DAVID BARNES @ The Greenyards
MELROSE might have finished the regular season four points clear at the top of the BT Premiership table, but it is Ayr who will be recorded in the history books as the champion team of Scotland after beating the Borderers in their own back yard in the only game that really mattered.
As a rugby spectacle, it maybe did not match up to the standards set in the previous two BT Premiership Grand Finals, but for edge-of-the-seat drama it was right up there with both those modern classics. Ayr held on against a furious Melrose onslaught during a frantic last ten minutes, before Scott Sutherland soared heroically into the Border sky to steel a high pressure line-out and secure a famous win.
The best two club sides in Scotland this year by a considerable distance went toe-to-toe for 80 enthralling minutes. There was only one try in the match, but whatever this contest lacked in terms of gilt edged opportunities was more than compensated for in intensity and commitment to the cause. There was thrills, spills and, ultimately, heartache at the end for Melrose – but at least they have an opportunity for some sort of redemption next Saturday, when the same two teams will do it all again in the BT Cup Final at Murrayfield.
Ayr started with a bang when captain Pete McCallum picked up at the base of a ruck on the halfway line and rampaged to deep inside the home team’s 22, before feeding scrum-half David Armstrong, who was bundled into touch just short of the line.
Melrose took the lead in the 13th minute thanks to a Jason Baggott penalty awarded a few phases after Ayr shot themselves in the foot by getting caught behind their own line when trying to run a quick line-out.
The visitors bounced back almost immediately with a sustained period of pressure, and they almost certainly would have scored the first try of the match had Archie Russell not misfired his pass to Danny McCluskey as he tried to exploit an overlap up the right touchline, meaning Ayr had to make do with three points instead, with Frazier Climo doing the honours after Lewis Anderson was penalised for a high tackle on Craig Gossman.
Teenager Stafford McDowall showed great poise and balance when gracefully ghosting through a gap and then breaking 30 yards up field to establish the field position from which Climo soon doubled his own and his team’s account courtesy of an offside penalty.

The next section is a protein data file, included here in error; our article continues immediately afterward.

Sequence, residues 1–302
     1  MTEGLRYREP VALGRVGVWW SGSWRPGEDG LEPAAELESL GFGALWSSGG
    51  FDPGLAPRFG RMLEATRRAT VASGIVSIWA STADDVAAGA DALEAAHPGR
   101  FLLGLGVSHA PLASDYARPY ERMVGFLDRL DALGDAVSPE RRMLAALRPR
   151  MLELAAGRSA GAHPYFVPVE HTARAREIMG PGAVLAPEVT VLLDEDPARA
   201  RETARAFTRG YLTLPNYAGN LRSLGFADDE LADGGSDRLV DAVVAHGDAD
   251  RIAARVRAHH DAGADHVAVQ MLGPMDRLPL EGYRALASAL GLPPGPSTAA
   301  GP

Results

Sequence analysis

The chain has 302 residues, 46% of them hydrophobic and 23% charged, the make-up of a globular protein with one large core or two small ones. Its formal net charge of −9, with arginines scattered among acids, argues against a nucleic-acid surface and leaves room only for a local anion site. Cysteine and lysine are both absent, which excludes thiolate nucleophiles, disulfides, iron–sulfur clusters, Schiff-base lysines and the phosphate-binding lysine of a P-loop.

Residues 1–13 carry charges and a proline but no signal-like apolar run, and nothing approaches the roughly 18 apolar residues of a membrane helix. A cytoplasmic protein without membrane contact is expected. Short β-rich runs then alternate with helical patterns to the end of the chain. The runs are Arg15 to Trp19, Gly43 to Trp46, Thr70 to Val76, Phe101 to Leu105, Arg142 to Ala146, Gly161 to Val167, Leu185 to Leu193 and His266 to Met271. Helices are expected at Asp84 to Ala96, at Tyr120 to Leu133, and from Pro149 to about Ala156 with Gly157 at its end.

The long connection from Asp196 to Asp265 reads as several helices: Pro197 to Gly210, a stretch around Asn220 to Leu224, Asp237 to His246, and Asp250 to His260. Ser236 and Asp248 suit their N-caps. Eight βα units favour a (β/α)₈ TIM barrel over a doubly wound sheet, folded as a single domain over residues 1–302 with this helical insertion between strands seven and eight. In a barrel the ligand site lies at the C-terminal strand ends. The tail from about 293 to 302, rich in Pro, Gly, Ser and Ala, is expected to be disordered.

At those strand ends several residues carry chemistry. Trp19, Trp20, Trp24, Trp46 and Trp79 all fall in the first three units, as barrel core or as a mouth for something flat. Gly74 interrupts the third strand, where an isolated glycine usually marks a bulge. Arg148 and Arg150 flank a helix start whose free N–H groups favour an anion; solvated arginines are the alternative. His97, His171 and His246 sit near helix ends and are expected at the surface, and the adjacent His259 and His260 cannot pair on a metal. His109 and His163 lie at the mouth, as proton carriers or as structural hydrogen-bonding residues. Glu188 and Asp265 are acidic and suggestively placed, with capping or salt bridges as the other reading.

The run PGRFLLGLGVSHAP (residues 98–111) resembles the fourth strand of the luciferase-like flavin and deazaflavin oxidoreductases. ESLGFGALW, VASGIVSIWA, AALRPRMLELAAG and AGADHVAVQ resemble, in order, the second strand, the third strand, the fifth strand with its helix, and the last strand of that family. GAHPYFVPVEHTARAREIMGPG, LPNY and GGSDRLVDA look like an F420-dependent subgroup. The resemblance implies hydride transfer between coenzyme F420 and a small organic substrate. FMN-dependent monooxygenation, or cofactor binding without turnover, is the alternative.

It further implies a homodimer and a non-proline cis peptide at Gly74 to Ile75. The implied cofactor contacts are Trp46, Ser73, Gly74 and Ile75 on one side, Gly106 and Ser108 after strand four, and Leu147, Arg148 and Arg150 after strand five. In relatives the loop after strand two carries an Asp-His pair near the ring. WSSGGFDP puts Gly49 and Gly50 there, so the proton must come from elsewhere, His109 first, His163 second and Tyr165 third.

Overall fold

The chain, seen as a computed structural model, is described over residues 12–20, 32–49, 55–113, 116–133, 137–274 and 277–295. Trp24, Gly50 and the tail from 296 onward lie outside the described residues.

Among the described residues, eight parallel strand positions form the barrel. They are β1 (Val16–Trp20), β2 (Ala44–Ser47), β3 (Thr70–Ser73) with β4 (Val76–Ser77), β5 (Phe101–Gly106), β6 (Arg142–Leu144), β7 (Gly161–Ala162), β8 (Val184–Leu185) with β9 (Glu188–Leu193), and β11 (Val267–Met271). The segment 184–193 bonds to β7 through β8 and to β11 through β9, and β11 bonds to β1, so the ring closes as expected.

Climo stayed down for treatment after being caught slightly late by Nick Beavon just before the break, but he bounced back on his feet after touch judge Keith Allen had finished advising referee Mike Adamson to award a penalty for that offence, and he seemed to be suffering few ill effects from the collision as he fired home another vital three points.
That meant Ayr took a six-point lead into the break, but Melrose will have been the happier of the two sides with how the game was balanced at that stage given that they had just spent 40 minutes playing into a strong wind. They had been stretched pretty thin on a handful of occasions but, crucially, they had not conceded a try.
When Ayr let the kick-off at the start of the second half bounce, then got themselves in a couple of horrible messes with throwers, lifters and jumpers completely out of sync at consecutive line-outs, it looked highly unlikely that their six point cushion was going to be enough.
But they weathered that storm and then extended their lead with another Climo penalty; before Melrose snatched a lifeline with seventeen minutes to go, when an extended period of pressure finally created a mismatch on the right which allowed second-row Ruaridh Knott to bowl over scrum-half David Armstrong on his way to the line.
Melrose broke clear again a few moments later with an exquisite offload from Craig Jackson putting Fraser Thosmon into space, but Nyle Godsmark couldn’t quite get to the kick ahead before it bounced harmlessly over the dead-ball line.